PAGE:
Beware! Get Rid Of These High Sodium Foods From your Kitchen

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Deficiency of sodium is rare, but it can occur in people after excessive vomiting or diarrhea or in athletes who consume excessive amounts of water, or in people whofast regularly on juice and water.


Sodium is an essential nutrient required by the body for regulating blood pressure and thereby maintaining a healthy heart. Deficiency of sodium is rare, but it can occur in people after excessive vomiting or diarrhea or in athletes who drink excessive amounts of water, or in people who fast regularly on juice and water. On the other hand, over-consumption of sodium is far more common and can lead to high blood pressure which in turn leads to an increased risk of heart diseases. A diet high in sodium can be harmful for your health. According to the Harvard School of Public Health excess sodium increases your blood volume and along with it, the strain on your heart and blood vessels.

1. Processed meat: Sausages, salamis and ham and other processed meats, are high in sodium due to the salt, preservatives and other flavor enhancers. A typical 3-ounce sausage has around 500 milligrams of sodium. That is a huge amount considering the average person should consume less than 2,300 milligrams per day. Therefore, it is advisable to avoid processed meat or consume occasionally.

2. Canned beans: Baked beans are an excellent source of fiber and protein, but most of the time they are also high in salt. One cup of canned baked beans has more than 1,000 milligrams of sodium. A cup of homemade baked beans has about the same, unless you prepare a low-salt recipe. You can rinse the canned beans before consumption in order to cut down the salt consumption.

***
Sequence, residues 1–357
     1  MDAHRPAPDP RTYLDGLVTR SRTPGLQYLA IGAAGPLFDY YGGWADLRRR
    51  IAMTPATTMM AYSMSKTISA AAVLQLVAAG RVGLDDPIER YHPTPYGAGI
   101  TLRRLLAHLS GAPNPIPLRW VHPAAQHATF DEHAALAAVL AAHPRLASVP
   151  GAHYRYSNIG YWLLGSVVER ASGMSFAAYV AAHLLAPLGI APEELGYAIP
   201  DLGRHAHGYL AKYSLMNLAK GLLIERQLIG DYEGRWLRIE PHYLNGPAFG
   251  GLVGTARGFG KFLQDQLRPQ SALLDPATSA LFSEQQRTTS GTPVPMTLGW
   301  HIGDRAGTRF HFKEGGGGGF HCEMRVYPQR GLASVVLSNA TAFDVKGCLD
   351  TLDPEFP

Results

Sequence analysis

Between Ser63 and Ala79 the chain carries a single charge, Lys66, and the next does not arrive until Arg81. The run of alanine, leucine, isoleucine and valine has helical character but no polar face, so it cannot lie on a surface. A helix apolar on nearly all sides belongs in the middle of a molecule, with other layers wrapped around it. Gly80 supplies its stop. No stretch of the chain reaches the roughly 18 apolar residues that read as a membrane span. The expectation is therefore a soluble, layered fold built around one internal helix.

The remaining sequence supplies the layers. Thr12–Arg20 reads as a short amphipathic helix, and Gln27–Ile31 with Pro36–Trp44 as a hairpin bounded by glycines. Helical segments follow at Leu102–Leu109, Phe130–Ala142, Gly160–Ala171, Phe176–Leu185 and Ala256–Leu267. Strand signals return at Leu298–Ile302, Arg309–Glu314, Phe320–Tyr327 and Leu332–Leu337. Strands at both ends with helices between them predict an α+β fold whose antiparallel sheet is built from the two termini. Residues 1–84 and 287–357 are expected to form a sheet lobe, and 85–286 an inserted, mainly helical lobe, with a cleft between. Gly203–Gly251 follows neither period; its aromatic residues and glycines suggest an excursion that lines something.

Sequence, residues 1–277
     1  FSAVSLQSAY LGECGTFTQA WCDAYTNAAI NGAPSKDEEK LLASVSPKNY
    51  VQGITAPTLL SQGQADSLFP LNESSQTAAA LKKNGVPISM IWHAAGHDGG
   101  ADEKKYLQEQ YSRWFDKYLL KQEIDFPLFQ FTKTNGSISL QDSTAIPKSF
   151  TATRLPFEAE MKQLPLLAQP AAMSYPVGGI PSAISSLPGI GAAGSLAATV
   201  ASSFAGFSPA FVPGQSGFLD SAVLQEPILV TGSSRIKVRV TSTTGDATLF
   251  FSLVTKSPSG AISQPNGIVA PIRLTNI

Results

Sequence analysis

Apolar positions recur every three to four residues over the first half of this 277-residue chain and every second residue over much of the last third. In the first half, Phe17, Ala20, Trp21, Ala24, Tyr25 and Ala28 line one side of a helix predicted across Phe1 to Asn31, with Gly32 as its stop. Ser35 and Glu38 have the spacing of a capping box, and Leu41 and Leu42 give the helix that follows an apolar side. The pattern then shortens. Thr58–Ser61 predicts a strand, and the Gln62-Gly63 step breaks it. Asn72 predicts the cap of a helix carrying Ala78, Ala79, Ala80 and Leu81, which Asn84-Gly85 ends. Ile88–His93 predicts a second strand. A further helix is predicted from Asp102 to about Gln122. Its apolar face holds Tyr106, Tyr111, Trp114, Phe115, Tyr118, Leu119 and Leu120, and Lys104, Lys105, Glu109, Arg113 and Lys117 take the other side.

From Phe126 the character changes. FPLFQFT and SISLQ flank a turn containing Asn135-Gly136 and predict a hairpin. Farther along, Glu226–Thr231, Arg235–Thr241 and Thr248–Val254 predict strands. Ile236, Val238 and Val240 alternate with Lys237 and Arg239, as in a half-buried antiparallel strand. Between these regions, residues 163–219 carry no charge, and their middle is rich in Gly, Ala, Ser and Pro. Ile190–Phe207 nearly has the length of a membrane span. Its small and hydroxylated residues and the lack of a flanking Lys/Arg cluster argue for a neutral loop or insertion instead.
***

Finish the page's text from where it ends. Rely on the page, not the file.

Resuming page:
3. Eggs yolks: After meat, eggs contain the highest amount of natural salt. One large egg has around 170 milligrams of sodium most of which is found in the yolk. 

4. Vegetables: Although vegetables are considered to be healthy food choices, some vegetables like carrots, turnips, beet greens, spinach, chard, sweet potatoes contain some natural salt. Many fresh vegetables are low in sodium but when cooked a lot of added salt goes into the making. Hence, you should be careful while making the right choices.

Even if a food is naturally low in salt, a significant amount of sodium can be added during the cooking or packaging procedures. Sodium helps to enhance the flavor and preserve foods, which typically leads to a longer shelf life. Even 'reduced sodium' foods can still contain high quantities of sodium than you expect. Therefore, you should look at the nutrition facts label for sodium before buying. Sodium content tends to be quite high in canned soups, fruits, beans, vegetables, smoked and cured meats, bacon, olives, pickles, processed cheese, jarred or canned sauces, hot dogs, sauces and salad dressing. 

Source: ndtv

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